Additionally, on the 2011 Hate Crimes page, as on those of the other crime categories, there are fourteen tables that represent different statistical charts or data sets, such as 1) Incidents, Offenses, Victims, and Known Offenders, by Bias Motivation; 2) Offenses, Known Offender’s Race, by Offense Type; 3) Offenses, Victim Type, by Offense Type; 4) Incidents, Bias Motivation, by Location; and 5) Agency Hate Crime Reporting by State.  These easy-access table and chart links enable the user to refine her search to more specific statistical information regarding hate crimes.

With the FBI crime statistics web site, a user can find many statistics for many areas of crime. The need to cull crime statistics may propose an unpleasant commentary about our society; however, it is encouraging to know there is an organization like the FBI dedicated to lowering these statistics.

~ Kevin Miller, L’15 ~

Class Advisor – Cory M. Lenz, Esq.

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Filed under Advanced Legal Research, Library

Where Are They Now? The Law Library Checks in with Alumnus Joshua W. Goodman

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Joshua W. Goodman, Charlotte Law Alumnus & Managing Attorney at Fisher Law Group, PLLC

The Charlotte Law Library checks in with one of our alumni, Joshua E. Goodman, and asks him a few questions about life after law school …

What was the biggest adjustment after graduating from law school?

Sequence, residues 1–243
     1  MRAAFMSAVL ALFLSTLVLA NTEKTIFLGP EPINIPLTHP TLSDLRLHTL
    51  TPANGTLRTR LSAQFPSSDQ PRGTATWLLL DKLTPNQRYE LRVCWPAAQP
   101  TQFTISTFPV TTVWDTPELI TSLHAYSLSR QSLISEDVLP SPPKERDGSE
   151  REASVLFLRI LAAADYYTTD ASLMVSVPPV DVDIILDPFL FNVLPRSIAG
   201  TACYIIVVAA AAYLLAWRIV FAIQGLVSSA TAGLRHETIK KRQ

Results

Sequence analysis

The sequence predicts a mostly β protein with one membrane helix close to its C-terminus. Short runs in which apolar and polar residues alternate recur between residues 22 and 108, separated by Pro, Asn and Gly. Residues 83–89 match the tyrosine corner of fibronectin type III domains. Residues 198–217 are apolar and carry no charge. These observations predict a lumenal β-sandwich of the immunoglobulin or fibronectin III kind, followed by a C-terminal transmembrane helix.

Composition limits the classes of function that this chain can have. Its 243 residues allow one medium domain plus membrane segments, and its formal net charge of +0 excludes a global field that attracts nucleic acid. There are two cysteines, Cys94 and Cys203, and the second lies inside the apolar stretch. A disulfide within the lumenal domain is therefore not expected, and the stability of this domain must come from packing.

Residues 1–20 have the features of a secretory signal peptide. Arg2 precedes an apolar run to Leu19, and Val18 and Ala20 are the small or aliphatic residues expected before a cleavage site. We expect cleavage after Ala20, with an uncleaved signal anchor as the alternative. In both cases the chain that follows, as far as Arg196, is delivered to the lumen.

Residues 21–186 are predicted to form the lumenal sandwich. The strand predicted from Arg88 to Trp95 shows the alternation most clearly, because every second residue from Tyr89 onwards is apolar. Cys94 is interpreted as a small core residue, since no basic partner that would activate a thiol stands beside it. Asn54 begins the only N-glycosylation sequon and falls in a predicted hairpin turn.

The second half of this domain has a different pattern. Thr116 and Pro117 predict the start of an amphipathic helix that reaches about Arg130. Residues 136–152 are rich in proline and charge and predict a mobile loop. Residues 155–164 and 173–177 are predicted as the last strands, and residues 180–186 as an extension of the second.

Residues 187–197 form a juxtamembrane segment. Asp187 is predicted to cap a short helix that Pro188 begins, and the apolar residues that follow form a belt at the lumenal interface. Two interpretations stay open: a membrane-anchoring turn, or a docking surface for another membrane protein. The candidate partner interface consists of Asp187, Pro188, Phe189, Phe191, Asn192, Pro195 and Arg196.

Finding my niche in the legal market has taken far more time than I would have thought. I came out of law school with one expectation for where my career would go and as I have practiced that track has changed significantly.

Not to terrify all of the current law students, but I find I have much less free time now than I did in law school.

How have the skills acquired in law school assisted you?

Practicing law and managing a law office takes a lot of discipline and dedication. The practical skills taught in law school are necessary to acquire a license to practice law, but the ability to wear each of the “hats” required in running a law office has been a much more beneficial skill set. Law school provided me with the challenge of managing a heavy class load, along with multiple semester-long externships/internships, a part-time job at the law school library, and a personal life. This balancing act has made the transition from law school to practicing attorney much more manageable.

What class came in most handy?

Trial Practice and Advanced Legal Research. Every student who wishes to work in litigation knows to take a Trial Practice/Advocacy class; however, legal research has turned out to be the most useful class I had the privilege of taking in law school. It has allowed me to take advantage of the resources available, which cuts down on the time spent while providing a greater return on my time.